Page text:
Mossy stones, wax-covered candlesticks, a harvest moon. These are but a few of the images the acoustic folk album Bad Debt conjures upon listening. When it reaches its final note, it is about God and love. In the artist’s own words, which are far superior to any rock criticism about the album, “the record is about my God: that is, whether I have one, and whether there is a place for me in this world. I don’t go to church, and I am not saved. I can party too.”
Though we may not all be religious, I think there is a universal sentiment within the songs here, one simultaneously of love and doubt toward life and how the world works.
During one of the most ear-grabbing moments of the record (in “No Lord is Free”), Taylor achingly cries out, “But why pledge my mind, my body and soul / When they don’t give a shit about me?” This beautiful confused ambiguity is contagious. The shyly blasphemous “Jesus Shot Me in the Head” is another ear-grabbing standout. Taylor desperately claims that, “He loves us all / But the ones that fall / Hold a special place in his ranks… Least I hope this is how it goes.”
The way he finds grace and elegance in the most precarious and uncertain of times is one of Bad Debt’s greatest strengths.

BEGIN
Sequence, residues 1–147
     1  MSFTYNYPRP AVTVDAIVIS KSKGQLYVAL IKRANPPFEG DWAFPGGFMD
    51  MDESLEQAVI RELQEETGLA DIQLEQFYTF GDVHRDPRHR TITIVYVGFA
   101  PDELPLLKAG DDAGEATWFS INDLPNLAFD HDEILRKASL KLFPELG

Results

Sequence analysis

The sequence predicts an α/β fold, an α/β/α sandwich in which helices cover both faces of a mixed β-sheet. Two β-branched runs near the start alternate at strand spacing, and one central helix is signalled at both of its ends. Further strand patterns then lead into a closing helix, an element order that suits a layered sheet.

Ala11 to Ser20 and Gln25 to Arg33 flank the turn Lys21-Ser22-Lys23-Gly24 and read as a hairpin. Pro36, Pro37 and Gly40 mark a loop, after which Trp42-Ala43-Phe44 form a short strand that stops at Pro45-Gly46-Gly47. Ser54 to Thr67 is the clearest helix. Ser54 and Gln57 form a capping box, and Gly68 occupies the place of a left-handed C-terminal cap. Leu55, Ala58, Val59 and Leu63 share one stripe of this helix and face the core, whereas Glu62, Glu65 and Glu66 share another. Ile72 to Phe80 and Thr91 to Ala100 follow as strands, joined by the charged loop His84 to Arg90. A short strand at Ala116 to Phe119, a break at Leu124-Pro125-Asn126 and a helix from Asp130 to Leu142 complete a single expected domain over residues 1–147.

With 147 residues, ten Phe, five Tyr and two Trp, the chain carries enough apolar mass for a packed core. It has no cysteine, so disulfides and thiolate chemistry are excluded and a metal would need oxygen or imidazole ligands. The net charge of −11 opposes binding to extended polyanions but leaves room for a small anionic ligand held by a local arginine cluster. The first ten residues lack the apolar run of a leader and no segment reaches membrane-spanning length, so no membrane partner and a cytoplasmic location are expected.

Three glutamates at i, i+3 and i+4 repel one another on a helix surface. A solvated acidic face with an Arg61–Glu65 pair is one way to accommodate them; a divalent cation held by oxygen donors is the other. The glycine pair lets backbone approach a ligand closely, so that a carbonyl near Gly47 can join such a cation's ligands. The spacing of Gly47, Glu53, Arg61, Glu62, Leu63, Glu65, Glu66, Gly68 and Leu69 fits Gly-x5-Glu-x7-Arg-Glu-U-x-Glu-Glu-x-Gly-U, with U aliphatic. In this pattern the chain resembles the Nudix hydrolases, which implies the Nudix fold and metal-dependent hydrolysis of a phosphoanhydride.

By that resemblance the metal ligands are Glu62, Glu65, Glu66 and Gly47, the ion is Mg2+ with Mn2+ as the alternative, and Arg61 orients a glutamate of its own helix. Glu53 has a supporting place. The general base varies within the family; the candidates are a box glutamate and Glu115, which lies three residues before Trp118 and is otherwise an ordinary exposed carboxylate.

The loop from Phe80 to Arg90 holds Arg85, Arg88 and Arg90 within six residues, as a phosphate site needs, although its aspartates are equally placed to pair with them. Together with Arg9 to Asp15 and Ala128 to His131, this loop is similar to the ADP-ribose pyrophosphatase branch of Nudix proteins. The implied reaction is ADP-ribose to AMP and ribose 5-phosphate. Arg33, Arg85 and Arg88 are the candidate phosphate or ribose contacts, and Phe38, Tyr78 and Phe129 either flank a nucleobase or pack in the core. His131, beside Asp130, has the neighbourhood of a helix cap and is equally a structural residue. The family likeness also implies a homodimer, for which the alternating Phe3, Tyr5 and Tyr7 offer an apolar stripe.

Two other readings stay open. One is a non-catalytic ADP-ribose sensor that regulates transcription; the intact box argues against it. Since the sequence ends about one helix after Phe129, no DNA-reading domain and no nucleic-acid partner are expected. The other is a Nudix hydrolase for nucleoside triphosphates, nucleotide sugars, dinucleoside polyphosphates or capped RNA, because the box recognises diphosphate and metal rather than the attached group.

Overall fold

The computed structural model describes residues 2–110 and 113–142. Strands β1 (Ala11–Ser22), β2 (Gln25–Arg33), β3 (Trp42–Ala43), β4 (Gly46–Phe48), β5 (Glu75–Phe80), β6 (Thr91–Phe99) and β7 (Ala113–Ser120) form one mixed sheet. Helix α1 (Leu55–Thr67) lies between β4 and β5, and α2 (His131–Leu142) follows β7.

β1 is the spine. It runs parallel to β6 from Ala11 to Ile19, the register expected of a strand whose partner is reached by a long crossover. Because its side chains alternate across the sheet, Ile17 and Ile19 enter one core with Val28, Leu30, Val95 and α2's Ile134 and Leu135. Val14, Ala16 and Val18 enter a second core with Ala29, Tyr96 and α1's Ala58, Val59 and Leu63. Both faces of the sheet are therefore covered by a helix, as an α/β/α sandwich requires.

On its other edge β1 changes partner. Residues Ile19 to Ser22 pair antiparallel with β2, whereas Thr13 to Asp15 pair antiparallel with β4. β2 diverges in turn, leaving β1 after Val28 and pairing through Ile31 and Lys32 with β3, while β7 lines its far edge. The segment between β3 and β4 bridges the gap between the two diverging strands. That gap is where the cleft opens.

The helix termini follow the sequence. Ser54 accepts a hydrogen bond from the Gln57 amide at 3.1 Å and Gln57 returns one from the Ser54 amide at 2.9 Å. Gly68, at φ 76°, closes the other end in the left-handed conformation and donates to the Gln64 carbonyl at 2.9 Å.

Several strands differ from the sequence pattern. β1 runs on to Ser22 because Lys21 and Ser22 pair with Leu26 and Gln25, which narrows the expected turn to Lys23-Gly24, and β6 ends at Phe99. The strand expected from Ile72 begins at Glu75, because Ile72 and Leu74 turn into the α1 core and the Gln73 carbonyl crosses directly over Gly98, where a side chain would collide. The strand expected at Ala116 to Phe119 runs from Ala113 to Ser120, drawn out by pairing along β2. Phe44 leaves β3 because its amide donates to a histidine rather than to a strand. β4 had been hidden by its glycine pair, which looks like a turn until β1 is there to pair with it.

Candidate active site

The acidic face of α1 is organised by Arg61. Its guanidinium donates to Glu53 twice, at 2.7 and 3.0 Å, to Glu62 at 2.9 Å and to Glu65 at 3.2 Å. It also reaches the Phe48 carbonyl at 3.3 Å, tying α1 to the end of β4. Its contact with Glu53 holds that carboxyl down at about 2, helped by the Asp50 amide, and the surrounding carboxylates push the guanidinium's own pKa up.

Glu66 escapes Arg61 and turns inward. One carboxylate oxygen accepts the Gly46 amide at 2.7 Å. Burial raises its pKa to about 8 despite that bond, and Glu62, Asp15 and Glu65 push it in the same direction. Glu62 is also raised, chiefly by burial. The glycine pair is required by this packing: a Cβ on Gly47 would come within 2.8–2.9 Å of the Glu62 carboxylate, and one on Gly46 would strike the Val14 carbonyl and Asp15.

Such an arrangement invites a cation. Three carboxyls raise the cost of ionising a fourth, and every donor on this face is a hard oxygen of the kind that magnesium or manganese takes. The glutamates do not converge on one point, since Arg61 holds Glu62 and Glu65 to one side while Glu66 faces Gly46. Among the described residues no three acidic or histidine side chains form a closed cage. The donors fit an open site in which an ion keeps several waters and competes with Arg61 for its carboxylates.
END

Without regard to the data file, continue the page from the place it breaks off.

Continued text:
The most convincing part of this lyrical power is the attractiveness of the music. Bad Debt is intimate: Taylor quietly performed it to a cassette recorder in his kitchen while his newborn son slept in the other room — a lullaby of sorts. There’s a sting in Taylor’s voice that drains away my worries. It interests me in his stories, his pain. In short, I really, really like his voice.
The guitar playing can be exquisite too, like the lucid chords at the end of the chorus on “The Serpent is Kind.” The album functions fantastically as mood music with a few truly arresting moments. When looking to steep yourself in music that is relaxing with a touch of pain, Bad Debt is the place to go.
To me, this album represents the glory there is to be had in taking a chance.
See more of Ruben’s reviews at ravedeaf.com